Do you have trouble sticking to your plans and to-do lists?
You're not alone. A lot of people know the nuts and bolts of time management and productivity. They know what they "want" to be doing or that they want more time in their day. But it seems really hard to execute the plan. Or they start out really well, for a week...and then it all falls apart.
If you've been reading my blog for awhile, you know I'm all about being productive for a purpose. So I always start with helping people figure out the purpose behind wanting to "accomplish more" or "get more things done." Do you know why you want an extra hour in your day? After gaining clarity on your "reasons why," then it's time to figure out how to take actionable steps.
After gaining clarity on your purpose, then it's about figuring out where to start.
Often when I'm helping clients or students figure out where to begin with steps, they need to start with tracking. It sounds too obvious almost. But seriously, ask yourself these questions:
How much time did I spend surfing the internet when I wanted to be working yesterday?
How much time am I actually commuting?
Exactly how much time did I sleep last night?
What did I eat for lunch yesterday?
These are the kinds of questions people have vague answers to usually, but can't point. So I recommend tracking. Hour by hour, track your time and where it goes. I love tracking and somehow I still managed to not realize how much time I was spending on Facebook last month. I had turned off my StayFocusd browser extension and thought I wasn't spending "that much time." Oh I was spending lots of time. Almost an hour a day (broken up into tiny moments, but it all added up quickly). StayFocusd is back on and it reminds me when I'm getting close to my daily limit. You'd be surprised at how much awareness comes from tracking, even from just a day.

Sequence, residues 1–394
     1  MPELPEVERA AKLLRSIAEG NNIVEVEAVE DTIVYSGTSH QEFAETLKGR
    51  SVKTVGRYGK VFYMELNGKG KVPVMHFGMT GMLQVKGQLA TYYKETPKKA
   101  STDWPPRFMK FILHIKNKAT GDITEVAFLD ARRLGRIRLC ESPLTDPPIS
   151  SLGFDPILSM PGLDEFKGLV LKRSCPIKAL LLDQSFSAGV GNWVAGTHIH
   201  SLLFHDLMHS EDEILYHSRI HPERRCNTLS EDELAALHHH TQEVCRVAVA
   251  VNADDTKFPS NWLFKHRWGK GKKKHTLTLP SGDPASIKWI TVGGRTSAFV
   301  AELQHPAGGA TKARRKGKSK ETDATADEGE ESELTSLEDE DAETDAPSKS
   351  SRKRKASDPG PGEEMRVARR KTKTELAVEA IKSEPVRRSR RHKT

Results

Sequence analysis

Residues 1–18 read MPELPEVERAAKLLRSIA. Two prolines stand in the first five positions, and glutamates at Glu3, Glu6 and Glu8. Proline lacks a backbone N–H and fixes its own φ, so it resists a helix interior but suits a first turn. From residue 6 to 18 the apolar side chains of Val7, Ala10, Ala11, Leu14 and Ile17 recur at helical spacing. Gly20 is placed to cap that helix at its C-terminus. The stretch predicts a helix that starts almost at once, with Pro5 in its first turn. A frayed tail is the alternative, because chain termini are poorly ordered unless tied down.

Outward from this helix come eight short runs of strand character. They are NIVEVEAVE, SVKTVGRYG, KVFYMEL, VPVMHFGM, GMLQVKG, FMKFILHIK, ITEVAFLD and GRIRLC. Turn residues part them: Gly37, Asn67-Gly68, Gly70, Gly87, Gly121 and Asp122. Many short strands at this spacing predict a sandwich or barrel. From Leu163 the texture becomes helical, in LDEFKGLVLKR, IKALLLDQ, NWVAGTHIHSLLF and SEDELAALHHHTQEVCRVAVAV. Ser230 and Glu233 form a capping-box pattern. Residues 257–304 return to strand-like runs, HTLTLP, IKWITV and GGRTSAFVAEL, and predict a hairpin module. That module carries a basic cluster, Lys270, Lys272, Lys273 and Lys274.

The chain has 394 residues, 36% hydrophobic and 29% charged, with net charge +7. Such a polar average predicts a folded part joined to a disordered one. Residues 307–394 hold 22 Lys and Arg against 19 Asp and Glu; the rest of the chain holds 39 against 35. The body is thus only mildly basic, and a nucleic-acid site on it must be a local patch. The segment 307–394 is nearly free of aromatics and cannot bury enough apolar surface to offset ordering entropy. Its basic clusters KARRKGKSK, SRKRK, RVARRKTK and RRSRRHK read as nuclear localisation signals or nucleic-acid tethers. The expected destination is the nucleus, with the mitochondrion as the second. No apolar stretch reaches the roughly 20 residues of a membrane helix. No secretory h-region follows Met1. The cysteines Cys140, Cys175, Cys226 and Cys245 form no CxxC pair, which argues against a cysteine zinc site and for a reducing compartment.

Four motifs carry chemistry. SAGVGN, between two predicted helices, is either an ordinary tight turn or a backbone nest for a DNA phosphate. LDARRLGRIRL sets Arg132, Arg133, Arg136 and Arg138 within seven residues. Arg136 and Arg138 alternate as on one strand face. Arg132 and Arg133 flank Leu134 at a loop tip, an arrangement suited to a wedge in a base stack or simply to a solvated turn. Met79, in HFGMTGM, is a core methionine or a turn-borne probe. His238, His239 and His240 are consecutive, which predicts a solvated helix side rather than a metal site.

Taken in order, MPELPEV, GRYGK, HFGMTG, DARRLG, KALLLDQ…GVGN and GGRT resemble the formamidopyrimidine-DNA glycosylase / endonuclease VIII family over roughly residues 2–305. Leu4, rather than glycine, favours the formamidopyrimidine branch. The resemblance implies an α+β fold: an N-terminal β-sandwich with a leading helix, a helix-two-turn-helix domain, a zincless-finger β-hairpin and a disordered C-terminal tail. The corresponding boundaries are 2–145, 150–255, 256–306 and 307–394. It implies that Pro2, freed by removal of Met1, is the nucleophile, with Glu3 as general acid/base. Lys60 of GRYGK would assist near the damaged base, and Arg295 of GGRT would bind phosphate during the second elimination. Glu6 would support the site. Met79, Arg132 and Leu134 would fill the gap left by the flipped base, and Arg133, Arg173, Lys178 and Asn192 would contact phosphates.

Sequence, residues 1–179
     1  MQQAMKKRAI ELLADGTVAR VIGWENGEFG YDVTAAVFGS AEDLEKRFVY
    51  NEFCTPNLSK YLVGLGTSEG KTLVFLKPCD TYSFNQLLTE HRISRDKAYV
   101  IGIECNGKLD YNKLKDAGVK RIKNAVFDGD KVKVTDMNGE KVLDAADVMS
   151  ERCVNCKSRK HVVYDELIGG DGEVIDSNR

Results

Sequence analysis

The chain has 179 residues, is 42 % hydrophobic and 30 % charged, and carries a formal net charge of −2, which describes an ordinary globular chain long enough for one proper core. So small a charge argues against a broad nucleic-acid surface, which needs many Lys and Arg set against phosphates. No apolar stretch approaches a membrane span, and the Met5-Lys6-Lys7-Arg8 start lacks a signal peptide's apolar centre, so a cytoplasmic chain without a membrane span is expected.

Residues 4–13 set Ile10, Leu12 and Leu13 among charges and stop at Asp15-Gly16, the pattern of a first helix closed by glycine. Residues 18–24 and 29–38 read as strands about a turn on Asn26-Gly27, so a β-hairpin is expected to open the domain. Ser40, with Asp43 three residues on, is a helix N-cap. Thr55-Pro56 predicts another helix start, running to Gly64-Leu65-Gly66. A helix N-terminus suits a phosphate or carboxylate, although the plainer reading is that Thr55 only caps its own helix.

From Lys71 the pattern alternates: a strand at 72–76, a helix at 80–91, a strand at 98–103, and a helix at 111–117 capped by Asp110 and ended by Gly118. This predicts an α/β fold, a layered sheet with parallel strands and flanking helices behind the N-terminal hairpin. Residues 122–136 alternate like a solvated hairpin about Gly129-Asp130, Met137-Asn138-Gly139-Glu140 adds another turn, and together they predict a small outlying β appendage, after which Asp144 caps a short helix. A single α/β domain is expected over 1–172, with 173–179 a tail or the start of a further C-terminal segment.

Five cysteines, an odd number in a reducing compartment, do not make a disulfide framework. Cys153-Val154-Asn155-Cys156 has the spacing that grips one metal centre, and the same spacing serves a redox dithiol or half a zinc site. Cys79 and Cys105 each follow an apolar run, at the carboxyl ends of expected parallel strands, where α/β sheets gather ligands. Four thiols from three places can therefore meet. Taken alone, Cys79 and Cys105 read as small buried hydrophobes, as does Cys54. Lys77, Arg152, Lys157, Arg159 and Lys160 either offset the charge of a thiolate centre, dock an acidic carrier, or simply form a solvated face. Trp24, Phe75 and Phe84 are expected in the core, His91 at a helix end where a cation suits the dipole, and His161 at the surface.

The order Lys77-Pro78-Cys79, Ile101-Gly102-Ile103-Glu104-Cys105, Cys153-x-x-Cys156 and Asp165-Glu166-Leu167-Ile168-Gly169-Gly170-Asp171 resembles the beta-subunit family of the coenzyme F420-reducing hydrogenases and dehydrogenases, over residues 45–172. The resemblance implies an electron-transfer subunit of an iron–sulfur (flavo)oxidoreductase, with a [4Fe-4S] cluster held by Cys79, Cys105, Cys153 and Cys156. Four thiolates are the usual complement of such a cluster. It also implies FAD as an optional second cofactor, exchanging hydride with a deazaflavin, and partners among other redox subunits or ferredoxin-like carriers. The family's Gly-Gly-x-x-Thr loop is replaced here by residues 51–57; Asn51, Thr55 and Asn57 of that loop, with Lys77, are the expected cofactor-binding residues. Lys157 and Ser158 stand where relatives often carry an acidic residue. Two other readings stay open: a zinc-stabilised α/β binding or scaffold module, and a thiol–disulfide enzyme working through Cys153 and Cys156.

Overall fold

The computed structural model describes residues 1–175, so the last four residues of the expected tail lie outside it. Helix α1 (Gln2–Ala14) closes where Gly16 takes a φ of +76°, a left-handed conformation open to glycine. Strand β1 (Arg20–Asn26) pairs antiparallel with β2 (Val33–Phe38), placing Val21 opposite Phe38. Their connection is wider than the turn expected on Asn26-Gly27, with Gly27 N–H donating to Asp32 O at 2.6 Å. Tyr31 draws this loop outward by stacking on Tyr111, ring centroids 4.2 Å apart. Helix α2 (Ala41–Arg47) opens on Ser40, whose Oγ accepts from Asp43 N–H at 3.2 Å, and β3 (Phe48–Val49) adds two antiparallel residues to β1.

After tracking and gaining awareness, it's about pinpointing something small.
Time to get a tiny snowball shaped and formed. Something to get the momentum started. Eventually it will turn into an avalanche, but for now, form one small snowball. What is one place you are "wasting time" in your day? And what can you do about it?
Can you go to sleep 15 minutes earlier (replacing browsing updates)?
Can you delete an app that keeps distracting you?
Do you have to be the one completing the action? In other words, can you outsource something small?
When are you most able to focus? And can the task that needs the most work move to that time slot?
Have you thought about actually scheduling "down time" instead of crashing into it from exhaustion?
Just try one thing. For at least a week. Be consistent about it and see what kind of results you get. Does it help? Does it not help? You're on a mission to conduct mini-experiments here. Some things may not work out and that's okay because they are tiny and can be changed.
Along the way, most people benefit from some type of accountability.
Whether or not you need accountability on each of your goals depends on a lot of things. One of my favorite resources for this issue is from Gretchen Rubin's Four Tendencies. I'm an upholder, so I keep myself accountable for most of my own goals. But a lot of people are obligers and need the extra support from a friend, a colleague, a coach, or someone else on a regular basis. If you're not familiar with her tendencies, be sure to check them out. Knowing your own tendency helps you know what works best in for you.
"Don't compare your start to someone else's middle."
A classic line that several people as a reminder when working on goals. As you start to get the ball rolling on taking action and asking someone to help keep you accountable, you might start to look around. And you might start to notice that lots of other people are "doing it better" than you are. They seem to have this productivity thing all figured out. They seem to manage their time really well. Be careful of the social comparison - it's a slippery slope. Stop and remind yourself that it probably took them months if not years to get to that point. You're beginning today. They are somewhere in the middle. Encourage yourself by talking to others who are in the exact same boat with progress.
When the ball is rolling along steadily, shift to the bigger picture.
After gaining momentum for several weeks or months, try to step back and see the bigger picture. Are tasks on your list becoming "less urgent" thanks to your new steps? I'm always working with people to move out of the "important, urgent" part of the Eisenhower box. When everything is both important and urgent, it can be overwhelming to make any progress. Reducing the amount of things in that one section can help you focus on the rest of the tasks you want to accomplish.